The unfinished obelisk is occasionally attributed to Hatshepsut. There are no inscriptions, so this may be a wild card.


  • The top photo shows part of the obelisk in-situ and abandoned. 
  • The centre photo shows an area where blocks have been removed in ancient times(giving clues as to how it was done).
  • The bottom photo shows one of the channels of the sides of the obelisk.

All photo copyright Janelle Wade.

Wiki has a page on the unfinished obelisk for further details.


Saturday, 21 August 2010

Photo - British Museum Obelisk

The only obelisk of which i am aware which was commissioned by Hatshepsut but not intended for Karnak temple. This brings me up to 5 obelisks and i feel this may be the last of the Hatshepsut obelisks.

Found in 3 separate pieces it is now looked after by the British Museum. It shows signs of the removal of Hatshepsut's name as was the case with many of her monuments during the reign of her successor, Thutmose III ("The Egyptian Napoleon").

This obelisk was found at Qasr Ibrim in Nubia re-used in a later building project as 3 separate blocks.


Thursday, 10 June 2010

Fallen Obelisk of Hatshepsut at Karnak?

Credit goes to Kate Phiz(ackerley) for this post on News from the Valley of the Kings

Kate has found some great photos on Flickr showing a number of "Old Stereo Photos of Egypt" dating back to 19th Century. One of them is shown below:

Flickr Stereo Photos

Thanks to SonomaPicMan for uploading this photo on Flickr.

Looking solely at the photo on the left we see the standing obelisk of Thutmose I, Hatshepsut's earthly father (Amun being her divine father) and on the right we see Hatshepsut's own standing obelisk, which i mentioned in my last post.

Both would have had a "twin obelisk" as obelisks were usually (but not always) erected in pairs.

Between the 2 standing obelisks appears to be the fallen obelisk of Hatshepsut. Only the tip is left (see my previous post) and it seems to have fallen in the correct area (or thereabouts) to be the original (or rather final) resting place of the twin obelisk of Hatshepsut in this area.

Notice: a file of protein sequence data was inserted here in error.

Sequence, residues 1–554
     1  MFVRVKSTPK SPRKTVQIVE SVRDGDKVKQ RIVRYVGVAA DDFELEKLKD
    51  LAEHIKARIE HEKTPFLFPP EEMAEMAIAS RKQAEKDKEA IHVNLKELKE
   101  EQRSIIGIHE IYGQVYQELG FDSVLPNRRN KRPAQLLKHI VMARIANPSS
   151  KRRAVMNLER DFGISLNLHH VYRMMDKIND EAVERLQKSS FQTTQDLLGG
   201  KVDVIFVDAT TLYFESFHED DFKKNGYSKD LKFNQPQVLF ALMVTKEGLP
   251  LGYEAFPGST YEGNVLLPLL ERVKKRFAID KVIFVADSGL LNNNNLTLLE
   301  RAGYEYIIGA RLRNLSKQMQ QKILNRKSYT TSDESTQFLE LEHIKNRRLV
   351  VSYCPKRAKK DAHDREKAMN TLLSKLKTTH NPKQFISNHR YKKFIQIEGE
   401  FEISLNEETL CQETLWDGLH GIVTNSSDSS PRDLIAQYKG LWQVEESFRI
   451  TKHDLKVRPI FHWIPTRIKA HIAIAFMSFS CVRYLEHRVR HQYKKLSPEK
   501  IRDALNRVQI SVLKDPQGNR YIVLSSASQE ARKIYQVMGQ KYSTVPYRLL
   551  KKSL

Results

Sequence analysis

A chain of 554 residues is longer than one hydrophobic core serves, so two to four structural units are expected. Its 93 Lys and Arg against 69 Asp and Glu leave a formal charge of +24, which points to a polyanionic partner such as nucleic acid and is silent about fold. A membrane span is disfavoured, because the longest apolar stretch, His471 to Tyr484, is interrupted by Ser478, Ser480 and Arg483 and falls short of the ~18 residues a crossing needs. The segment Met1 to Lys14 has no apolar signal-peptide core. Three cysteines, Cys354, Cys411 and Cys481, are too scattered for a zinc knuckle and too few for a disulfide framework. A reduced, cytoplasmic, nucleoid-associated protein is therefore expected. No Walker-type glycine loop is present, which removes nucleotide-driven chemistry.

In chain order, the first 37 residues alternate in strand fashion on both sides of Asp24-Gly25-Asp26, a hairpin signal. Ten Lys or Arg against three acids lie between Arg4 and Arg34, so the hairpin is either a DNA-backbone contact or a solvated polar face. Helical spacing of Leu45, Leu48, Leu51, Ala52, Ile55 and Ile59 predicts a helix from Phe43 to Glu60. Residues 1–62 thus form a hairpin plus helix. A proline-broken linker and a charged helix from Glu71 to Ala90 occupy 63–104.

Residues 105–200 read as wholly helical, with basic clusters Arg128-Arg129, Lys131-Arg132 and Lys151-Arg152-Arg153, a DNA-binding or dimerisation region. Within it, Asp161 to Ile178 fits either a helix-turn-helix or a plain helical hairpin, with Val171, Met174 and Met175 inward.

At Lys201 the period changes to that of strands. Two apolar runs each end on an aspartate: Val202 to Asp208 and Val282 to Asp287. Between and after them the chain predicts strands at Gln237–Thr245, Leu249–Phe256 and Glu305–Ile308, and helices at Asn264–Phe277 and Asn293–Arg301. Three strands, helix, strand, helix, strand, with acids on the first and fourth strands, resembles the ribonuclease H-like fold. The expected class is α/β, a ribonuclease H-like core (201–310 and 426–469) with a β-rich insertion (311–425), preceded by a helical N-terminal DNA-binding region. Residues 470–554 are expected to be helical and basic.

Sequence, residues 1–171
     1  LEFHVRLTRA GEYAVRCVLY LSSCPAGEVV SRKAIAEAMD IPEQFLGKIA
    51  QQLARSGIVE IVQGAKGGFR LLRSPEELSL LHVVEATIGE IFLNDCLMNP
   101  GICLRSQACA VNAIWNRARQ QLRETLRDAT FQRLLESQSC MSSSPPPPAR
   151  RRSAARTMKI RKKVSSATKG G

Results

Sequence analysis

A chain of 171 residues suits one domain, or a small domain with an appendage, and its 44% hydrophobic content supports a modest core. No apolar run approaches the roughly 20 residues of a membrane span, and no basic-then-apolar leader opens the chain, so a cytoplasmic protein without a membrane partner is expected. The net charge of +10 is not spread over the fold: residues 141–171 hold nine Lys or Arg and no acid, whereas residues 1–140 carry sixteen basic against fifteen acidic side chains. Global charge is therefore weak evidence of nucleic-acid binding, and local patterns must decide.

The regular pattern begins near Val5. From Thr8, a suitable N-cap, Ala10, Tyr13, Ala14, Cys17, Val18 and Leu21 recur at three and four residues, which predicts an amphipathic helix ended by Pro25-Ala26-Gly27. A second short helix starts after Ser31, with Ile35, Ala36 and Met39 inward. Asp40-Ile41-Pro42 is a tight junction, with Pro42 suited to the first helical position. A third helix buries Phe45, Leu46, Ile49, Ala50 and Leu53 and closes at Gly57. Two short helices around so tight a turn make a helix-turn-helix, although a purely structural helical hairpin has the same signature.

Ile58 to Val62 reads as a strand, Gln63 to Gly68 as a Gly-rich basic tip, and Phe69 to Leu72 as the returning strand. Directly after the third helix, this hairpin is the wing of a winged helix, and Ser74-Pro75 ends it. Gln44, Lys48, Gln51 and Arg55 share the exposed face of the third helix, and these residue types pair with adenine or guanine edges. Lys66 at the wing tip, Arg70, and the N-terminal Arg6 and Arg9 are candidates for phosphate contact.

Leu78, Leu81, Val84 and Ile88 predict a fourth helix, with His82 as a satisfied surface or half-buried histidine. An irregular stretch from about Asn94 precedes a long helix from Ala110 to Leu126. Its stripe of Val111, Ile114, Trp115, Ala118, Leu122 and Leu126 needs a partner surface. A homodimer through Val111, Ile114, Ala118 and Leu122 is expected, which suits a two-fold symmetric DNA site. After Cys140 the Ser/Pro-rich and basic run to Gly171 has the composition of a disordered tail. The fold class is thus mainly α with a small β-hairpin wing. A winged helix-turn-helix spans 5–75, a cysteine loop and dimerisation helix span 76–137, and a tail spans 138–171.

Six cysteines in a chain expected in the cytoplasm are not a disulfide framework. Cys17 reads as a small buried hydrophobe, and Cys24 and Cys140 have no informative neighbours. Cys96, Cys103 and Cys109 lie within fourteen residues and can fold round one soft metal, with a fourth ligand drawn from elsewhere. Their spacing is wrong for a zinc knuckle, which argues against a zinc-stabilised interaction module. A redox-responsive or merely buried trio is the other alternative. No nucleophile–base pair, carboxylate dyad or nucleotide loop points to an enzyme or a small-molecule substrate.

It does make me wonder what happened to the rest of the obelisk. Could the pieces have been used for later construction (in the form of rubble, blocks cut from the obelisk, etc)? They must be somewhere.

There would have been 2 sets of twin obelisks erected by Hatshepsut in Karnak. Sadly only one remains in tact and in situ. All four bases can be accounted for. As for the 2 "missing" Hatshepsut obelisks i fear we will never know what happened to them. I hope to find out more.

I suggest that Digital Karnak will be the best place to visit for more information here:

Digital Karnak Obelisks

Thanks to SonomaPicMan for uploading this photo on Flickr.


Wednesday, 9 June 2010

Hatshepsut's Obelisk at Karnak

The only standing obelisk of Hatshepsut still left in- situ in Karnak Temple complex, Egypt.

The Mortuary Temple of Hatshepsut (Djeser Djeseru at Deir el Bahri) still has scenes showing the quarrying of 2 obelisks from a quarry in Aswan.

The Red Chapel of Hatshepsut (also situated in Karnak- now in the open- air museum) also shows the scenes of Hatshepsut erecting 2 (different) obelisks.

At Karnak today this is the only standing obelisk of Hatshepsut, but not the only one there. At the site of the scared lake, in the Amun Precinct we can see what is generally referred to as the "Fallen Obelisk of Hatshepsut". Only the tip of this obelisk remains and you get to see the Hieroglyphic inscriptions up close. I can tell you they are wonderful. The below photo from my only visit (so far) will give a taster.

Amun, being ever present as Hatshepsut's (divine) father and of course as the main deity worshiped at Karnak Temple.

For more in depth information on both the Obelisks of Hatshepsut, Karnak and the Red Chapel, I recommend a visit to:

Obelisks and Hatshepsut in Karnak -Maat-Ka-Ra-Hatschepsut

Red Chapel